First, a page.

Eric Cantor, leading advocate for Jewish issues in Congress, suffers stunning defeat

U.S. Rep. Eric Cantor (R-Va.) speaks at the 2011 Union for Reform Judaism biennial convention. Credit: Courtesy Union for Reform Judaism.
U.S. Rep. Eric Cantor (R-Va.) speaks at the 2011 Union for Reform Judaism biennial convention. Credit: Courtesy Union for Reform Judaism.

Following Tuesday’s stunning primary defeat of Rep. Eric Cantor, the only Jewish Republican in the U.S. House of Representatives and the House majority leader, both non-partisan Jewish groups and those on each side of the political aisle say they are losing a strong ally for their issues.

“I’ve had the privilege to know and work with Eric Cantor since his first days running for the House of Representatives,” said Nathan Diament, executive director for public policy at the Orthodox Union. “He is a friend and [has] been a critical partner for the advocacy work of the Orthodox Jewish community on issues ranging from Israel’s security and the security of Jewish institutions in the United States, to religious liberty to educational reform, and [the] opportunity to defend the needs of the nonprofit sector.”

On the foreign policy front, the representative for Virginia’s 7th congressional district is known for his unwavering support for Israel and hardline stance when it comes to the Iranian nuclear issue. Matt Brooks, executive director of the Republican Jewish Coalition, called Cantor “an important pro-Israel voice in the House and a leader on security issues, including Iran sanctions.”

Cantor lost the primary to Tea Party challenger Dave Brat by 11 percent. He has held the congressional seat for 14 years—first as minority whip and then as majority leader, a position from which he plans to step down on July 31.

William Daroff, senior vice president of public policy and director of the Washington Office of the Jewish Federations of North America, said Cantor’s leadership was impactful on many issues of importance to the Jewish community, including Israel, charitable tax deductions, and Holocaust survivor issues.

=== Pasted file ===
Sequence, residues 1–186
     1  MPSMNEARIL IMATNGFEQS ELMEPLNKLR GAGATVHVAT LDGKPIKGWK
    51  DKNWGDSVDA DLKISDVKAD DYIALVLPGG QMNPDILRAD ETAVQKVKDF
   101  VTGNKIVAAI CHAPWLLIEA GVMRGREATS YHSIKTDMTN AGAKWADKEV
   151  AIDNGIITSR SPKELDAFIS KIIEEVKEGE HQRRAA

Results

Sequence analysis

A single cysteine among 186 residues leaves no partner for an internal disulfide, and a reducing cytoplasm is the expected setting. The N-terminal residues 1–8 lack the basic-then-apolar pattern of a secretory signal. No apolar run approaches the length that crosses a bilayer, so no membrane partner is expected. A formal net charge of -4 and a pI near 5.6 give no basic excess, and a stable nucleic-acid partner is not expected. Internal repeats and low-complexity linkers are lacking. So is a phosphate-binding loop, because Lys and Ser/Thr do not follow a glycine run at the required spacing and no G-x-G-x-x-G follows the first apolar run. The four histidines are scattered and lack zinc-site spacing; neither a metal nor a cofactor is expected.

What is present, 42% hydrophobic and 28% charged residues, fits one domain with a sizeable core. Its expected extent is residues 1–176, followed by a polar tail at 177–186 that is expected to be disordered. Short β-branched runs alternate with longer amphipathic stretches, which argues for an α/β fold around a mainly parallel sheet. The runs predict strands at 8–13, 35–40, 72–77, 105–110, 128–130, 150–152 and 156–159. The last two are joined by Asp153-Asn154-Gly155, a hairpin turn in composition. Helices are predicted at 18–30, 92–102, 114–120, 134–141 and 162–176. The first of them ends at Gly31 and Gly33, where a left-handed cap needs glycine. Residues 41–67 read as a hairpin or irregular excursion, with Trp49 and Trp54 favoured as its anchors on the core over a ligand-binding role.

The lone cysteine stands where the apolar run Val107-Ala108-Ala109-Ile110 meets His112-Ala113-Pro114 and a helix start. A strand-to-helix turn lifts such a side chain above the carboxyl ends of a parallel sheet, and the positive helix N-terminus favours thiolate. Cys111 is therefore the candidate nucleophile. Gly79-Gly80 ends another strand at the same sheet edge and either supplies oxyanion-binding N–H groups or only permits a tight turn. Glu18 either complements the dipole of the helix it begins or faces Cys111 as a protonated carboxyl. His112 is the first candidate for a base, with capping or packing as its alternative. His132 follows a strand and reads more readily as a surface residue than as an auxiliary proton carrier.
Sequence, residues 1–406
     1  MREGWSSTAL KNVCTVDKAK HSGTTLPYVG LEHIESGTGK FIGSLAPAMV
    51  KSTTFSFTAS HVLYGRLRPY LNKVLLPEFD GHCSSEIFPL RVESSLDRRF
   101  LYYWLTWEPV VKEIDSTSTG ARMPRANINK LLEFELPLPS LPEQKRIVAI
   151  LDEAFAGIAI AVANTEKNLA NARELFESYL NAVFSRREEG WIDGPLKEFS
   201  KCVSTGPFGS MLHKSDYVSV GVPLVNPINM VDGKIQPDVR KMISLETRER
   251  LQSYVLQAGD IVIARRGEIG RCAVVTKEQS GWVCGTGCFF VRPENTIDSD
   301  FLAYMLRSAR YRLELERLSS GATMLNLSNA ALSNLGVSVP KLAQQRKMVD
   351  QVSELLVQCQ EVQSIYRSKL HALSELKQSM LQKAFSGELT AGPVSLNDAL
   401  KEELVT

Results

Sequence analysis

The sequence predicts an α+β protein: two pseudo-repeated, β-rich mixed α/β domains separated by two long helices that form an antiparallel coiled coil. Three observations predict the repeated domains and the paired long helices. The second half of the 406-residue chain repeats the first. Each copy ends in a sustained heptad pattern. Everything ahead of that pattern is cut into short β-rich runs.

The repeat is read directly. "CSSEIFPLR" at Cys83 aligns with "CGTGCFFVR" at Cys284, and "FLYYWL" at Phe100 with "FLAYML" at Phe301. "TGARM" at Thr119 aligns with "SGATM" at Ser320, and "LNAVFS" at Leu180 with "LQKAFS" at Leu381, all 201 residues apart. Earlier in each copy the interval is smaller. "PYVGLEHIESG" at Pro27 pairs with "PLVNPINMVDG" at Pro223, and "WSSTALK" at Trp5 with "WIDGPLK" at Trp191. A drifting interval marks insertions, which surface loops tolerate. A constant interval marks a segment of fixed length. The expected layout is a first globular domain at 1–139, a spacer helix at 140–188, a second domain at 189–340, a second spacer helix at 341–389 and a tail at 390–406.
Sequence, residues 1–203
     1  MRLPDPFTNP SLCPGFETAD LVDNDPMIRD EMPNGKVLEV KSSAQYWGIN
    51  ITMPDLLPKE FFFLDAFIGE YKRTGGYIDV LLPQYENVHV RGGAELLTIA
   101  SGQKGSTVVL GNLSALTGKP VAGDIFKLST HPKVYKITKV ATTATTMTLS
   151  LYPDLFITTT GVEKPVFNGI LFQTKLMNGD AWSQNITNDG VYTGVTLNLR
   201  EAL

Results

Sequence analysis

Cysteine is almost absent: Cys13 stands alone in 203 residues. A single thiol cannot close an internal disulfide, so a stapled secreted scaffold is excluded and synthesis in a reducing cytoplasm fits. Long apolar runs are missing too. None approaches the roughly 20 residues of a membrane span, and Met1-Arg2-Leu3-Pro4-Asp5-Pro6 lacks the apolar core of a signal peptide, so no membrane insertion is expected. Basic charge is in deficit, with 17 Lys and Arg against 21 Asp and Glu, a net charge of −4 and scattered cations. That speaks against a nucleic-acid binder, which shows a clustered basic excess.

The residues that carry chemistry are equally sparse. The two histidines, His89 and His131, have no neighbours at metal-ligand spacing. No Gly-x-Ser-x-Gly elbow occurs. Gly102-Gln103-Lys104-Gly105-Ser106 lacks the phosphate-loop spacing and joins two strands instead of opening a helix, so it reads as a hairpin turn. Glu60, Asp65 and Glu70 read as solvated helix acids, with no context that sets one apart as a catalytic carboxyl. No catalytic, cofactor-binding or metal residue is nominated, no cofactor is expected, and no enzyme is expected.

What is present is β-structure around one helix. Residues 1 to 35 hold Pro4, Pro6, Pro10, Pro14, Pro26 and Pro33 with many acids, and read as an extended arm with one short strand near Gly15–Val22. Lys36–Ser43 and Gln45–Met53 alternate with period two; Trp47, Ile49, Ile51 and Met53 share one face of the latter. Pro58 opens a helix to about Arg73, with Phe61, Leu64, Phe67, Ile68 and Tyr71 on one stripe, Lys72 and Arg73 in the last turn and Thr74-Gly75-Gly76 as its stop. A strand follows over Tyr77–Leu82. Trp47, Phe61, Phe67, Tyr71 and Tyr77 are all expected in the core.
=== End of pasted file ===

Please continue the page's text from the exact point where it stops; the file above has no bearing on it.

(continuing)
Jack Moline, executive director of the National Jewish Democratic Council, said that despite Cantor’s high-ranking position in the House, his exit would not hurt Jewish interests. Cantor plans to step down as majority leader on July 31.

“There’s no question that Cantor was extremely strong in supporting Israel, but I don’t think there is a problem with that in the Republican Party. I don’t think his absence is going to make a difference in terms of Republican support for Israel,” said Moline.

“On the question of our foreign policy outside of Israel, including Iran, there are other people in both the House and the Senate, Republicans and Democrats, whose positions mirror those that Mr. Cantor took,” he added.

Cantor’s loss came as a surprise to everyone—Cantor included. He had spent $4,867,298 on the race, while Brat spent just $122,792. Some analysts say Cantor was defeated because of the perception that he had lost touch with his district.

“It seems to me that it was a combination of the politics around immigration as well as some people suggesting that he was very busy with his leadership role and wasn’t tending to his home district as much as he needed to,” Diament told “And clearly, unfortunately, his campaign didn’t have a great handle on where they were in the race.”

Jewish Democratic activist Steve Rabinowitz, head of the Washington, DC-based public relations firm Rabinowitz Communications, said Cantor “ran an all-TV campaign and it should have been an all-ground game campaign.”

“He bought millions of dollars’ worth of television ads when he should have bought himself a ground game and a field organization,” said Rabinowitz.

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